4. On the Sunday morning following Vacation Bible School, when all of the kids and workers wear their VBS T-Shirts with jeans, your pastor will be in on the action too. Sort of. He’ll skip the jeans and just wear his bright orange shirt that says Adventure Time With Jesus! with his suit. Nothing is more pastoral, and I mean nothing, than a VBS shirt worn over a dress shirt and tie combo with slacks and dress shoes.

5. Somewhere around 2:30 on Wednesday afternoon, you’ll begin to wonder if you have some previously undiscovered disease that makes you want to take a six hour nap right there on the bathroom floor. Don’t worry. You’re fine. What you have is simply a result of being around too many screaming kids. It’s not a disease. Yet. A new drug by the name of Stopscreamingyall is pending approval from the FDA. Look for the commercials during this year’s Super Bowl.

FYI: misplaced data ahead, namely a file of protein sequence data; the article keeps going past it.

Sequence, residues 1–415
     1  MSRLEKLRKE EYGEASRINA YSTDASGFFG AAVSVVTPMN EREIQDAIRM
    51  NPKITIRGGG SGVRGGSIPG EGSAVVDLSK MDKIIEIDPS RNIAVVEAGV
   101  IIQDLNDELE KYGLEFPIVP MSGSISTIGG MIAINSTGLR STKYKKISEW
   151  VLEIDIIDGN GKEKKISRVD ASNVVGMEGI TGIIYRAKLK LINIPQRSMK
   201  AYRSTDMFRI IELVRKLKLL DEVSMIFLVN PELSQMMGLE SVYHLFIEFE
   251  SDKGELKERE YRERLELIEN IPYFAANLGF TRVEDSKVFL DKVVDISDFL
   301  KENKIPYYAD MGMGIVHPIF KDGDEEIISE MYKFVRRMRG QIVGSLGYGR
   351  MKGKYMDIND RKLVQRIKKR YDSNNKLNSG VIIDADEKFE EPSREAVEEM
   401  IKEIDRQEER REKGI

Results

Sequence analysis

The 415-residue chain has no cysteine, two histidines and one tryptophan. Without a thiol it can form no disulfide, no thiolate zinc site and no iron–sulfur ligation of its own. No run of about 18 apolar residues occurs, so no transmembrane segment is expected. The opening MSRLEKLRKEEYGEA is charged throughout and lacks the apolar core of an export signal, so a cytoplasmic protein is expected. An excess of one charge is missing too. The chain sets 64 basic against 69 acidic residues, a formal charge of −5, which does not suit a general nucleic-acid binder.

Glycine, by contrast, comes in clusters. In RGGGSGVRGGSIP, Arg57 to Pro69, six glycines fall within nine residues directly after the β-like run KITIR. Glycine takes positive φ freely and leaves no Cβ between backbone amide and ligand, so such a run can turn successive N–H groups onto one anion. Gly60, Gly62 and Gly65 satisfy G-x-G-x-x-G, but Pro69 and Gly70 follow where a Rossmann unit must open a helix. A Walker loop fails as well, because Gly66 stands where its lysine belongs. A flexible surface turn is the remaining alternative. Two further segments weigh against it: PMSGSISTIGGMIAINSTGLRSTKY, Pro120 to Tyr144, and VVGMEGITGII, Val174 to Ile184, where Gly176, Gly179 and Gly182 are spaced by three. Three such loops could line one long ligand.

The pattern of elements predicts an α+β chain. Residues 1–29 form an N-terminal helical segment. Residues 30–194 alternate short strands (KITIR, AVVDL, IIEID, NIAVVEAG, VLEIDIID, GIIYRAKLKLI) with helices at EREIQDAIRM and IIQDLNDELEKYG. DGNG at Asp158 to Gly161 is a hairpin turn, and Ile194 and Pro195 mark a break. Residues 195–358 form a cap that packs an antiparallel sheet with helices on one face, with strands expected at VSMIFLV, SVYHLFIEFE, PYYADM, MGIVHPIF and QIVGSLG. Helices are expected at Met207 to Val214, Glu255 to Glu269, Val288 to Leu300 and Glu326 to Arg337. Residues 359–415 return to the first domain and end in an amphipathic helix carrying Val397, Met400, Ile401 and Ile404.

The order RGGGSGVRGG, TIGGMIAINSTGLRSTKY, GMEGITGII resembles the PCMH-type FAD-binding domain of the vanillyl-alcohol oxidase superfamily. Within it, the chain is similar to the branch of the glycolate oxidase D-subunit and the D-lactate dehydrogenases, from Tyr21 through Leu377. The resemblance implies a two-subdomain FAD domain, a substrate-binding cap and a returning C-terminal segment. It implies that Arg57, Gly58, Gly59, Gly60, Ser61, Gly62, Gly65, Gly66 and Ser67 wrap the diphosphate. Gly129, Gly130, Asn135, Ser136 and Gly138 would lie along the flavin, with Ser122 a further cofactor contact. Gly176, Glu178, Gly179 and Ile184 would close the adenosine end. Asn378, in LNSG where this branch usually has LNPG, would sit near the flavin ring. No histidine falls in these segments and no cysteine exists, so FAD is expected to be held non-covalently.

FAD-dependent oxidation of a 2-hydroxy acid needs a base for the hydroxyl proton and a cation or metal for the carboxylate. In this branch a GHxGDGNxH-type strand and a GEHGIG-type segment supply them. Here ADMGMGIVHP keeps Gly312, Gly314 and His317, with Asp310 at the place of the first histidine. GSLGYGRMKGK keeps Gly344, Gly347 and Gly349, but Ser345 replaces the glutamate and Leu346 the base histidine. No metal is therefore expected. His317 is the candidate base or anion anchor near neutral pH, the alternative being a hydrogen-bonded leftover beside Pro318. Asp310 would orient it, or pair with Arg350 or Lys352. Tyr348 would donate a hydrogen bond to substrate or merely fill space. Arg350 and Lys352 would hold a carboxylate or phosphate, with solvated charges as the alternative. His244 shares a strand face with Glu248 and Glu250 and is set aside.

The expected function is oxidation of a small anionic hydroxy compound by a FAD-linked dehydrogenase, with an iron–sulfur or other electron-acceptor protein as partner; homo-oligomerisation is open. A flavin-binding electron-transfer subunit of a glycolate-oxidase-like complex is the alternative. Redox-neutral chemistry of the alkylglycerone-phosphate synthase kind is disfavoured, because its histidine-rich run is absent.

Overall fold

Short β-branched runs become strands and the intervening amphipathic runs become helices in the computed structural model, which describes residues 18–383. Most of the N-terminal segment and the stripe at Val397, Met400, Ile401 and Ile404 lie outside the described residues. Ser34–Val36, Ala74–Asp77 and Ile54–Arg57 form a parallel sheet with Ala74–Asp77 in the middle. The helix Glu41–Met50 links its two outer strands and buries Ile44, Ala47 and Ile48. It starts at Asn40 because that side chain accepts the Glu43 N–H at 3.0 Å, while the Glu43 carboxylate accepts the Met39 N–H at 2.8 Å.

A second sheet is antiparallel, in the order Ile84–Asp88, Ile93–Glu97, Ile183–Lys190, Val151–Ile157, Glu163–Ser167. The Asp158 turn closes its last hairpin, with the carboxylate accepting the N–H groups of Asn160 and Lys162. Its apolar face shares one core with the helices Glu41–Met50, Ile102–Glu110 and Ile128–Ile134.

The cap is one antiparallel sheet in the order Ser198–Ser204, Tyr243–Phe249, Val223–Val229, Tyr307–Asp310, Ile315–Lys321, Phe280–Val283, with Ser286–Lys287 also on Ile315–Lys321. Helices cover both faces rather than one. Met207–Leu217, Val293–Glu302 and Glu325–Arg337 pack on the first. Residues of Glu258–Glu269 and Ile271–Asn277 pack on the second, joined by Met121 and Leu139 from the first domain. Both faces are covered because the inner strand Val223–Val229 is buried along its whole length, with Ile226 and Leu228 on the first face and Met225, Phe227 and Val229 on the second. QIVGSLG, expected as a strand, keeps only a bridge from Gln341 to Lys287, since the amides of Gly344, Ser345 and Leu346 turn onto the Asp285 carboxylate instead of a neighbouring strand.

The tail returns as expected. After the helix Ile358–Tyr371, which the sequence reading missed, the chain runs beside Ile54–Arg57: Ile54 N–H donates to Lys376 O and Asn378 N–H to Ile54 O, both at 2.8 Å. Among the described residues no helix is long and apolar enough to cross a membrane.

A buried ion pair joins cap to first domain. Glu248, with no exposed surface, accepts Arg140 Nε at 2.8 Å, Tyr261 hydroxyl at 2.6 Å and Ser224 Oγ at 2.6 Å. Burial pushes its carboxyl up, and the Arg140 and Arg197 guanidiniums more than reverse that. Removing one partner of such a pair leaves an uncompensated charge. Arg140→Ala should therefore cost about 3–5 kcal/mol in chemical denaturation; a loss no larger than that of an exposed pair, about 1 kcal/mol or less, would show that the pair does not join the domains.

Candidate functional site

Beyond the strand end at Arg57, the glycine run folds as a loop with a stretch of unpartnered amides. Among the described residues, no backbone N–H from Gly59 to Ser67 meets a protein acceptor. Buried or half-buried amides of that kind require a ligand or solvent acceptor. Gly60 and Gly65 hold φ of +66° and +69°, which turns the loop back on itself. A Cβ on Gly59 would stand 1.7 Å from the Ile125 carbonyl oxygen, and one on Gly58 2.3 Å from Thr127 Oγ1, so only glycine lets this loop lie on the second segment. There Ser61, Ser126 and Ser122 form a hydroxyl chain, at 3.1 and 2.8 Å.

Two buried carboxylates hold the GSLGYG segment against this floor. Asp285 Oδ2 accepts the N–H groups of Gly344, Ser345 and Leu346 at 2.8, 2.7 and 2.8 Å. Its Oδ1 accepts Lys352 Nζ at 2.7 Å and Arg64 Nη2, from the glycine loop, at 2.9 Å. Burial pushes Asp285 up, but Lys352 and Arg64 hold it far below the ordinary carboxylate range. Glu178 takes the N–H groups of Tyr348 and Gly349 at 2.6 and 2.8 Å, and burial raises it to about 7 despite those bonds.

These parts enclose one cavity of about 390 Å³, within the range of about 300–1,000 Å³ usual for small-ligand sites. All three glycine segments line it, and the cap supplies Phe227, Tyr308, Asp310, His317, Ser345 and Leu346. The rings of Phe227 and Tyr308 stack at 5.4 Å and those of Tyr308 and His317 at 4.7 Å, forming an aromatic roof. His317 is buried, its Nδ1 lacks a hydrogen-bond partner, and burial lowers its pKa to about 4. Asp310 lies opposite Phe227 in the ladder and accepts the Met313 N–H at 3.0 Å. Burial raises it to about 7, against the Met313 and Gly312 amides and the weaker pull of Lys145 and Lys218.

6. At the end of each night you’ll find yourself in that awkward position where only one kid (Dakota) is waiting for his ride to come. Should you wait with him? You waited last night. Shouldn’t someone else have to deal with this get the opportunity to minister to young Dakota? Sure enough, you’ll be the one waiting and having to find the right words to say to Dakota’s tardy mother.

Here’s what not to say: “Look lady, we end at 8. At night!! Not in the morning. I’m missing Bobby Flay for this.”

Here’s a better option: “Hey, I just wanted to let you know that from now on we’re having our VBS at the Huddle House so you can just start dropping Dakota off there.”

I know how cruel and unmissional that sounds but it’s really best for all parties. The Huddle House could use the extra business and or help in the back and the rest of the kids at VBS would really like to play the bongos.